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CES 2010: Texts to turn down the temperature at home

CES 2010: Texts to turn down the temperature at home

A UK-based firm has come up with a heating meter that it believes is even more intelligent and efficient than the smart meter, with the integration of controls via texts from home owners' mobile phones just one of the new features that it offers.

According to the firm behind the PassivEnergy technology, the meter will automatically detect the heating and electrical needs of the consumer and turn on hot water and heating when they are needed. There will also be a single button which will switch all the electronic devices in a home to standby to save even more energy.

Total control of the meter will be possible using text messages and its creators believe that consumers could cut a fifth off their annual energy bills, which would help to cover the cost of the £300 meter and its installation within 24 months.

This is an improvement over the government plans to install smart meters in UK households over the next few years, as sceptics claim that these will only result in savings of around three per cent.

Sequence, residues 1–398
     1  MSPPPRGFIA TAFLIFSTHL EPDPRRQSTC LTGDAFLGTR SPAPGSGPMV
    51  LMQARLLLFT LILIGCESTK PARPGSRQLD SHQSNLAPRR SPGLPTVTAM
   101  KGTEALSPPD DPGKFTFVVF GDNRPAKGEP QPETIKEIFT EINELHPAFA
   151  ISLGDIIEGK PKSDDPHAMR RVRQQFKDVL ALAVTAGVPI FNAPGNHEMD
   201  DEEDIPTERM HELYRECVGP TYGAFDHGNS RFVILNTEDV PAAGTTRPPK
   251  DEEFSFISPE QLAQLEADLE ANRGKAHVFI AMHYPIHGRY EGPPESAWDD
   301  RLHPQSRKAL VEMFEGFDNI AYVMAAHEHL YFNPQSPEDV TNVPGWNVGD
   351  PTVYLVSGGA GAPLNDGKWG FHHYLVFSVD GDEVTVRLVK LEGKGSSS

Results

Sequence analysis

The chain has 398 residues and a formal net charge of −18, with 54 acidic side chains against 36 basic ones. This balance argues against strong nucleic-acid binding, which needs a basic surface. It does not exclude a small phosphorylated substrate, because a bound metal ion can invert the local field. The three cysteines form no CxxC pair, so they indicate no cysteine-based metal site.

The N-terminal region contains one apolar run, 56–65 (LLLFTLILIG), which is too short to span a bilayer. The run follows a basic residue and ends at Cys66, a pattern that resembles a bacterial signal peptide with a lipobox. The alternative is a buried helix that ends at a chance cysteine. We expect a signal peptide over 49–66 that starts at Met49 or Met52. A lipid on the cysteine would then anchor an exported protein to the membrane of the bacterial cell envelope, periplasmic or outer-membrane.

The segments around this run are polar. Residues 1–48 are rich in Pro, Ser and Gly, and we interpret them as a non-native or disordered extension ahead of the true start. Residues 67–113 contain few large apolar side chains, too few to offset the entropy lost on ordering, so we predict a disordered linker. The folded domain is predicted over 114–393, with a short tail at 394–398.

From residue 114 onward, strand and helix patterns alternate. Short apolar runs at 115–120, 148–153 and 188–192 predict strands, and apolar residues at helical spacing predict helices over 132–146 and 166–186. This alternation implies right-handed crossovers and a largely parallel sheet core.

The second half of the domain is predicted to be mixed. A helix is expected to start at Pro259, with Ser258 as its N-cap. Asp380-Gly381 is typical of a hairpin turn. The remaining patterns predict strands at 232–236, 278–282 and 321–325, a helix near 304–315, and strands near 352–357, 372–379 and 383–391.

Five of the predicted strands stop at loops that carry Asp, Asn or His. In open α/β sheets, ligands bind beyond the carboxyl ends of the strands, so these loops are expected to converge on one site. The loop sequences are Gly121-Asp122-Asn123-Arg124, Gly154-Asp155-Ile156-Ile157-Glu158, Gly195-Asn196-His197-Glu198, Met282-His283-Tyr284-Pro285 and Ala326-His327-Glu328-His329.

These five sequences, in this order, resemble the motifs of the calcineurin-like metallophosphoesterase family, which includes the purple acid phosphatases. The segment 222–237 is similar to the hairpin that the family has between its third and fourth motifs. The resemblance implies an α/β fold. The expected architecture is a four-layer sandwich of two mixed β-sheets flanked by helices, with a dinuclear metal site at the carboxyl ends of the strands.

PassivEnergy's CEO Colin Calder told audiences at the Consumer Electronics Show (CES) that he believes the meter will be a success as consumers have shown a willingness to invest in devices that make their lives easier, such as personal computers and mobile phones.

He also said that households had been left behind, with archaic technology installed to the detriment of people everywhere.

Mr Calder indicated that the meter would be able to keep a record as to how you made use of your various electronic devices and central heating and then work out if you had left any device or utility active by accident.

The existing thermostat in houses will be replaced by a single interface via which the user will be able to control every element of their newly networked home using PassivEnergy technology.

The firm claims that this will improve efficiency by 80 per cent over many of today's outdated devices, which are often inaccurate. Best of all, the whole thing is controlled wirelessly, so there is no over the top wiring or installation with which to contend.

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